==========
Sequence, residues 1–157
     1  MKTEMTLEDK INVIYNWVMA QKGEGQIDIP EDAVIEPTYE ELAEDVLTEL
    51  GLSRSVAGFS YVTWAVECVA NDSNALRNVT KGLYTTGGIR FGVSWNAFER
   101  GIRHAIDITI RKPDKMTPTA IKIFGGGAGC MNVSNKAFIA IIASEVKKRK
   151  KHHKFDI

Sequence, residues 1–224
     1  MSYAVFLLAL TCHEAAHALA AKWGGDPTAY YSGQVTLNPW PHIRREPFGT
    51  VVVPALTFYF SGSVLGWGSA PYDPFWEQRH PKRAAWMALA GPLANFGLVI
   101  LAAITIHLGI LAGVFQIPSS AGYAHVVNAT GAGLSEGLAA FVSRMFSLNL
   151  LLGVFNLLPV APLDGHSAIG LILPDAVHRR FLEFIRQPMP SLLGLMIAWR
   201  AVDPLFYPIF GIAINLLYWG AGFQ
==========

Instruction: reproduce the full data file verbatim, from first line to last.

Sequence, residues 1–157
     1  MKTEMTLEDK INVIYNWVMA QKGEGQIDIP EDAVIEPTYE ELAEDVLTEL
    51  GLSRSVAGFS YVTWAVECVA NDSNALRNVT KGLYTTGGIR FGVSWNAFER
   101  GIRHAIDITI RKPDKMTPTA IKIFGGGAGC MNVSNKAFIA IIASEVKKRK
   151  KHHKFDI

Sequence, residues 1–224
     1  MSYAVFLLAL TCHEAAHALA AKWGGDPTAY YSGQVTLNPW PHIRREPFGT
    51  VVVPALTFYF SGSVLGWGSA PYDPFWEQRH PKRAAWMALA GPLANFGLVI
   101  LAAITIHLGI LAGVFQIPSS AGYAHVVNAT GAGLSEGLAA FVSRMFSLNL
   151  LLGVFNLLPV APLDGHSAIG LILPDAVHRR FLEFIRQPMP SLLGLMIAWR
   201  AVDPLFYPIF GIAINLLYWG AGFQ